And now, angst.
Arya 2 (22)
Arya’s father is late to dinner again, and she can tell that he has been fighting with the King’s council. Ned discusses the upcoming tourney with Jory, and Sansa expresses a desire to attend. Ned doesn’t want to allow it, but Septa Mordane talks him into it. He allows Sansa and Arya to attend; however, Arya doesn’t want anything to do with the event. She and Sansa begin to argue, before their father stops them. Ned leaves the hall without eating anything, and Arya begins to muse gloomily upon her current life. No one attempts to address her, and she misses her brothers and the days back at Winterfell. Eventually she starts brooding about Mycah, and how no one she trusted had tried to help him. Becoming angry, she gets up and leaves, ignoring Mordane who tries to stop her.
Back in her bedroom, she begins to cry, and blame herself for everything that has happened. She goes to her chest and removes her sword, Needle, from where it is hidden beneath her clothes, and draws it. Mordane starts pounding on the door, demanding that Arya open it, and threatens to tell her father. Arya screams at her to go away, and Mordane leaves. The girl stares out the window, wishing she could climb like Bran, and starts dreaming of running away, finding Nymeria, and returning to Winterfell, or even joining Jon on the Wall. Then her father arrives.
Ned seems more sad than angry, which makes Arya feel even worse. He asks to see her sword, and notes that it had been made by his own blacksmith. Arya won’t tell him that she got the blade from Jon, and after a moment he lets the matter go. Ned sighs, lamenting that the Hand who is supposed to rule the Seven Kingdoms can’t even rule his own household. Ned remonstrates Arya, telling her she is supposed to be learning to be a lady; she snaps back that she doesn’t want to become a lady. Her father half-threatens to break the sword, but Arya claims that Needle won’t break. Ned sighs, and admits that he sees a wildness in Arya that reminds him of his sister and older brother.
Ned asks Arya if she knows anything about using the sword, which she does not. She admits to him that she had asked Mycah to practice her, and then breaks down crying, telling her father that everything was her fault. Her father comforts her, and tells her that Mycah’s death wasn’t her fault at all, but that of the Hound and the queen. She says she hates them, along with Joffrey, who lied about what had happened, and Sansa, who lied so that Joffrey would like her. He points out that she had lied, too, about Nymeria running off. She admits it, and confesses that she had to throw rocks at the wolf to get her to leave. Her father praises her for doing the right thing.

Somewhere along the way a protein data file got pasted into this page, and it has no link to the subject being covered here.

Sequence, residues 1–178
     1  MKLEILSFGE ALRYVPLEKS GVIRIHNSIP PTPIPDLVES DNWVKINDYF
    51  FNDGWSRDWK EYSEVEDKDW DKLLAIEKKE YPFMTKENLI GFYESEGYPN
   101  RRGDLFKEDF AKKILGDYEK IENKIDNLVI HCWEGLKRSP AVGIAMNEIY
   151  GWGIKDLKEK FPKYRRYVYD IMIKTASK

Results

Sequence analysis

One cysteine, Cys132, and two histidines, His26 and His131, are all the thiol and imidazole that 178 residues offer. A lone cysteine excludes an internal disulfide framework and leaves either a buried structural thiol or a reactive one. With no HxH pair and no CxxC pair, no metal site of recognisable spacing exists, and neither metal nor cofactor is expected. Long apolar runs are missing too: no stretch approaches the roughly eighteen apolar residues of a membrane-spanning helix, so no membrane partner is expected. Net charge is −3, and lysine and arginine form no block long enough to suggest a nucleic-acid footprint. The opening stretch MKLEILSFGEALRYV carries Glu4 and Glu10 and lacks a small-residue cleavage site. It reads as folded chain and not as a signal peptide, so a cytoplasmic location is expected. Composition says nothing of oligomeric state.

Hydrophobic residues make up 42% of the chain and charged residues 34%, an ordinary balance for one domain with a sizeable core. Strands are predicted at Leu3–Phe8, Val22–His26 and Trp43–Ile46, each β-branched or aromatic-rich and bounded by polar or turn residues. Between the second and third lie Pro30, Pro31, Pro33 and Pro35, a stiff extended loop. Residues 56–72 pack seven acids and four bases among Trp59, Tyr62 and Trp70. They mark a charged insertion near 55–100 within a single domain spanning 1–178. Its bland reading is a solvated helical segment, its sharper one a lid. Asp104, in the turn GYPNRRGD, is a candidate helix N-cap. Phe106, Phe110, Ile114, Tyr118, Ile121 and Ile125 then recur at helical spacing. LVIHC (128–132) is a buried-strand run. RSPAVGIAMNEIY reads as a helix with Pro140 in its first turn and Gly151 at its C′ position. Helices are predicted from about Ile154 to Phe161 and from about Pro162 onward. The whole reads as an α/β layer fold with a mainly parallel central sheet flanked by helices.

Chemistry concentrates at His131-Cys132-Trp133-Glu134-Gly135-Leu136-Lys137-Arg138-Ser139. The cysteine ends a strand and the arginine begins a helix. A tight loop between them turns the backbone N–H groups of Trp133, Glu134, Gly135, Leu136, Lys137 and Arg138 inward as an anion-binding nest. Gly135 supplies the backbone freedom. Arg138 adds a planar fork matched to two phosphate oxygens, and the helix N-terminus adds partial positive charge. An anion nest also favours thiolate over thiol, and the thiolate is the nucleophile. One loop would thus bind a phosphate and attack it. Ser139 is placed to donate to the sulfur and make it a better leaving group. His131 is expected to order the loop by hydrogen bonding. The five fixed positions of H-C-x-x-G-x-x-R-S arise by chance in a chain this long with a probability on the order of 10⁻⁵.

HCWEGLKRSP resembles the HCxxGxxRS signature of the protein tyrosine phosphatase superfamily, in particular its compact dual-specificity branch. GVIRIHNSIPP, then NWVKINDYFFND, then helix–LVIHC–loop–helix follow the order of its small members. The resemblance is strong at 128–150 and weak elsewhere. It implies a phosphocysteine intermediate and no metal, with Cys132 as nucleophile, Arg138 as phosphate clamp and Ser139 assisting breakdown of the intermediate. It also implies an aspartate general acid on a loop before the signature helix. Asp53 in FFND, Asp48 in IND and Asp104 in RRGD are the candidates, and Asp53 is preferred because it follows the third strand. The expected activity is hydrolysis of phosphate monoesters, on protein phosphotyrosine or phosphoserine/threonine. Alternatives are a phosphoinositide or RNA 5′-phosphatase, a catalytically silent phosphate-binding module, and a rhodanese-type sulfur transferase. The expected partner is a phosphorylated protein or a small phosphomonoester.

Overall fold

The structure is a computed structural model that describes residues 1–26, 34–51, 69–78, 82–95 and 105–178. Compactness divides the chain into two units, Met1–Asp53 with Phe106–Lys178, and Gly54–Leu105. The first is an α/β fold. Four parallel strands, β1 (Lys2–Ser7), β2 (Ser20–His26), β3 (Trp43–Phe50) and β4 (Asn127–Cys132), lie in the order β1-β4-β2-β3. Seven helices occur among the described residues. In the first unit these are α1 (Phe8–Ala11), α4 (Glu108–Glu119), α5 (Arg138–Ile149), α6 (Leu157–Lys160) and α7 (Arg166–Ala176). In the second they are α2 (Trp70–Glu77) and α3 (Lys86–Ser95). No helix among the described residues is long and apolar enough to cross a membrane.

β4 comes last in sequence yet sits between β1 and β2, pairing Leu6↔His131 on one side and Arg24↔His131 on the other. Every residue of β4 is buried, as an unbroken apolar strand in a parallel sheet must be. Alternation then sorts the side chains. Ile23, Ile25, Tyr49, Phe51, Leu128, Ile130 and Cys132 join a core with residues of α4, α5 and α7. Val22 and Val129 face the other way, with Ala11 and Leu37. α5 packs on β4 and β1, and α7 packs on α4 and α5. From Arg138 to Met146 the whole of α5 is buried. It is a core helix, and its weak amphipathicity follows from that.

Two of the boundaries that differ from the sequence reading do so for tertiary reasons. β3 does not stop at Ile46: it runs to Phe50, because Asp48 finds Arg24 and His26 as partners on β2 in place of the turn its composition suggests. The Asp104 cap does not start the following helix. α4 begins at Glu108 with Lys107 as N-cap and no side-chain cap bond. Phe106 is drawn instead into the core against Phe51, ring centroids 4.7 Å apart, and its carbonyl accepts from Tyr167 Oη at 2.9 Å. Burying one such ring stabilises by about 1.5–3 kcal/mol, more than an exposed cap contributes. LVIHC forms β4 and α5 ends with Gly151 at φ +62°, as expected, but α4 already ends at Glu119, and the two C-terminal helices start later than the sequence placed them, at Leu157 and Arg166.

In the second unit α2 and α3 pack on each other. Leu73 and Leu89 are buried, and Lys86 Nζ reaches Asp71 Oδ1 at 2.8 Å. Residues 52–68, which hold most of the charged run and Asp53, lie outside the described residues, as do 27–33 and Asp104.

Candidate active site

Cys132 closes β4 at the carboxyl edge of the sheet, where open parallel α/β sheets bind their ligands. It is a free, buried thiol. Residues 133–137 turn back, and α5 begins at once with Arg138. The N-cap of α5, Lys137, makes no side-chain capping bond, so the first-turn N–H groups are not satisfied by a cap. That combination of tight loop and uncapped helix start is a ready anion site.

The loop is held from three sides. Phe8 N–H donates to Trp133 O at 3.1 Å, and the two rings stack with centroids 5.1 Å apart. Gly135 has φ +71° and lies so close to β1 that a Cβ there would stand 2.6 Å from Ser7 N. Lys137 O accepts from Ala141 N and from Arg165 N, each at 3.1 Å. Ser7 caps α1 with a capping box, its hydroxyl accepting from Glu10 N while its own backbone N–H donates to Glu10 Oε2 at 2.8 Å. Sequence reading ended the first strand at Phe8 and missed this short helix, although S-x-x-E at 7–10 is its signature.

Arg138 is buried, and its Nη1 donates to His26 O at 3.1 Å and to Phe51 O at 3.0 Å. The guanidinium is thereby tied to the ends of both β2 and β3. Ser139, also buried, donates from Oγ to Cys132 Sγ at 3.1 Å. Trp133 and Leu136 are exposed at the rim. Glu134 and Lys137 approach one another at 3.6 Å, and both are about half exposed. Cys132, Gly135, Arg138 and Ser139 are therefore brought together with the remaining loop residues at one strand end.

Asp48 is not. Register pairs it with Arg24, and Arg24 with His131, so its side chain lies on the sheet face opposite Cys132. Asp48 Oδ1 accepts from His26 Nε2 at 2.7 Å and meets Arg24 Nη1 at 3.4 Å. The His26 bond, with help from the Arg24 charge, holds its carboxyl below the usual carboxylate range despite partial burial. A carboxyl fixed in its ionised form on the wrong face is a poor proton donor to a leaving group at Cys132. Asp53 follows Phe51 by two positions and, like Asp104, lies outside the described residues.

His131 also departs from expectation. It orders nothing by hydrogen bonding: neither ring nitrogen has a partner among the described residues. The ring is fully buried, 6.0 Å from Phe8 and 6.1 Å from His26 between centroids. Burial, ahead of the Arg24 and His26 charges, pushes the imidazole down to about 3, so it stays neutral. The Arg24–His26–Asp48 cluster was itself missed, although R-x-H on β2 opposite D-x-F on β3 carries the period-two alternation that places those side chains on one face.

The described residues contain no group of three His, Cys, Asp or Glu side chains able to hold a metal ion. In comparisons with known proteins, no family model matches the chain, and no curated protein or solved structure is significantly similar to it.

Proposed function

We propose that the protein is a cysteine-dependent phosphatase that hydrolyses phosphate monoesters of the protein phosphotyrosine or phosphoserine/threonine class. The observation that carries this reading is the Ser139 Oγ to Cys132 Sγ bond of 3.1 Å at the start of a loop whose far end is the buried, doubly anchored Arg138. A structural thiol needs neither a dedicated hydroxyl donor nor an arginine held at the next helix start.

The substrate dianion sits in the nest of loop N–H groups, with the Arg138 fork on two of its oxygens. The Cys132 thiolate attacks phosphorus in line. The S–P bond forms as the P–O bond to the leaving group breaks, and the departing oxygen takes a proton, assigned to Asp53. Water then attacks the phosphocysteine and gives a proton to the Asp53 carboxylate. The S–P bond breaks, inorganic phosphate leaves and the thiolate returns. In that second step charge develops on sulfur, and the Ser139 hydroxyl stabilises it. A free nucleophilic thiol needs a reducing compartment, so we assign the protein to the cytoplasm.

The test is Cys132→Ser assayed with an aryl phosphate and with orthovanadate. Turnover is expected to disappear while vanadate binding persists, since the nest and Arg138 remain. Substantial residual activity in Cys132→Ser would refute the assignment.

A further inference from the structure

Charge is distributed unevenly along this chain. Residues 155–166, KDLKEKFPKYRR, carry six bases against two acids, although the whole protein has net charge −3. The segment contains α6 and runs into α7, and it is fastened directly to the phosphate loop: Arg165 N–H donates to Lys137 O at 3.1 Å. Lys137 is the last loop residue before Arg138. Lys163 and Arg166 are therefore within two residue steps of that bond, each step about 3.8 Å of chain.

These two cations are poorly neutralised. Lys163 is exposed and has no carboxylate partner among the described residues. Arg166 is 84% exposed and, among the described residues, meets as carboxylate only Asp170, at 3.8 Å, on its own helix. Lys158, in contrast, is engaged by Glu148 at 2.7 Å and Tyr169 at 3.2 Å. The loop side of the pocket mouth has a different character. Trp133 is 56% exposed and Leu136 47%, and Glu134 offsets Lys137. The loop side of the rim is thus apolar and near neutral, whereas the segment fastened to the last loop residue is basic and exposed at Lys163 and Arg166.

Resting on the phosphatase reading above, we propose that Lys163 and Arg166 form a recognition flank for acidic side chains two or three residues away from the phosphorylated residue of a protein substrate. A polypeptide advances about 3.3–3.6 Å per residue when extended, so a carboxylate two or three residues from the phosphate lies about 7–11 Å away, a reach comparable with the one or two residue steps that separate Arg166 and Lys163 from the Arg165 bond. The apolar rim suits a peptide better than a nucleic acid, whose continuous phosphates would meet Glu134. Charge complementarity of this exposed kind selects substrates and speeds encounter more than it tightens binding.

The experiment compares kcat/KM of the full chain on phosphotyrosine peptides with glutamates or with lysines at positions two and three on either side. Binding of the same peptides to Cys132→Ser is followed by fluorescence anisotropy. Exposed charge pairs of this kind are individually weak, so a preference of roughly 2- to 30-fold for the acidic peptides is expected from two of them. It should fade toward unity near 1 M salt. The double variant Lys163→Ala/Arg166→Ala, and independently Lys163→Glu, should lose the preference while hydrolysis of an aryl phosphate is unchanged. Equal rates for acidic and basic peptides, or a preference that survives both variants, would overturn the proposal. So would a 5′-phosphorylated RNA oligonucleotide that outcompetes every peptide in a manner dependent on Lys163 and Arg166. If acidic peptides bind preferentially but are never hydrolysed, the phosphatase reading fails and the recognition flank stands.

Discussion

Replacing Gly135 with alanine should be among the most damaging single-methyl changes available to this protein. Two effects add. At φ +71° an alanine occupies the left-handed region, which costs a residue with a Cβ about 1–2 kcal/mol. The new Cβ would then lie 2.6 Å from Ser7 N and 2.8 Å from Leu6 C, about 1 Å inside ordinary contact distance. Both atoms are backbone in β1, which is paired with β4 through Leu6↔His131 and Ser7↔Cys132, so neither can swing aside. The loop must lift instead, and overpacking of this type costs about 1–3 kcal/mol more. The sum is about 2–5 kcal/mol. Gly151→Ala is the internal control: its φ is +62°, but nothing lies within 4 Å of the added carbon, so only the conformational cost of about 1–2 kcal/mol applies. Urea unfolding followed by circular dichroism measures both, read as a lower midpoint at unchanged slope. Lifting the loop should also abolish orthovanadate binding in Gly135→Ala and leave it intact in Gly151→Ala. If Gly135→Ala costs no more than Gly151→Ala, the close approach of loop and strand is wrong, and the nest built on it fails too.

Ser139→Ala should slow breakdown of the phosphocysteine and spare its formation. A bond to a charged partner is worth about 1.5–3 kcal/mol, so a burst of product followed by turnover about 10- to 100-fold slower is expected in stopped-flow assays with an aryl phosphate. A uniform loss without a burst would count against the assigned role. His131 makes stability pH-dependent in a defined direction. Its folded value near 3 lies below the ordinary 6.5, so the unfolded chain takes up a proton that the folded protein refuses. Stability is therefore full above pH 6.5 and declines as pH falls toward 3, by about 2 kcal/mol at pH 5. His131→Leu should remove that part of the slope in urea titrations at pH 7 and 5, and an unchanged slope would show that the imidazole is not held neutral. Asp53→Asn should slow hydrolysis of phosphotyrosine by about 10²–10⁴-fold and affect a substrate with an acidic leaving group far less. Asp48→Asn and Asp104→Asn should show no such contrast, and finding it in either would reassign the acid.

Ned makes Arya sit down and listen seriously. He warns his daughter who has known nothing but summer that winter is almost here. He reminds her that the sigil of their house is the direwolf, and that wolves have to live together to survive in winter. He wants her to make peace with Septa Mordane and Sansa, and to direct her hate towards those who would actually do them harm. Arya promises to behave better, and Eddard returns her sword with a smile. He asks that she not stab her sister, whatever the provocation, and she agrees.
Three days later, she is sent to the Small Hall by her father’s steward, where she is met by a thin, bald man who says, “You are late, boy.” He throws her a practice sword, and starts instructing her in its use. He is Syrio Forel, who once was first sword to the Sealord of Braavos, and he is here to teach her to use her sword.
Hello again. I, the Dark Jackel, am once again healthy-ish and reviewing a chapter of A Game of Thrones! With me today is Spydra.
No, that’s not my name. Please don’t call me that.
Heh. On to the chapter. So, Eddard Stark, you’ve made a lot of mistakes lately. You know it. I know it. Even Spydra knows it.
Spydra: …not my name…
But today, you have just earned some sort of “Best Dad” award. Not only did you comfort your daughter when she most needed it; not only did you treat a nine-year-old girl with respect and understanding; not only did you calmly explain why you needed her to behave well, without simply demanding it; you gave the one gift a girl living in Westeros what she most desperately needs: a background in fucking martial arts. No matter what other errors you have committed, sir, you have made up for it today. I shall no longer harp upon the mistakes of your past.
Spydra: What, really?
Of course. I am a demon of my word.
Spydra: …what’s the catch?
I am going to be stricter about his future mistakes, of course.
Spydra: Yeah, I guess I should have known.
Anyway, so in exchange for toeing the party line from now on, Arya is going to learn to kill people. Yay! I certainly hope it does her some good. And…hmm. What else happened this chapter?
Spydra: You…you just summarized it up there…
Yeah, honestly, this was a hard chapter to summarize. Like I mentioned first thing, it was a lot of Arya angsting, especially over Mycah’s death. (Fun note: I keep trying to write his name Mycha or Micah. Don’t ask me why.) Other than that, there was homesickness for Winterfell, and a lot of hate for everything, including herself. So yeah, this was mostly all about Ned’s crowning moment of heartwarming.
Spydra: You know, this is a much better book than you are claiming.
Hm? Why do you say that?
Spydra: You keep finding things that you like, or that you find interesting. Are you sure that you aren’t actually enjoying the book?
Ah. No. You see, I am deliberately looking for things to interest me, you see, so that this chore doesn’t become completely depressing. Well, more completely depressing.
Spydra: I don’t understand your motivations at all.
No worries. I’m just perverse, that’s all. Well, lets wrap this up. Let’s see, next up is…ah, crap.
Spydra: What is it?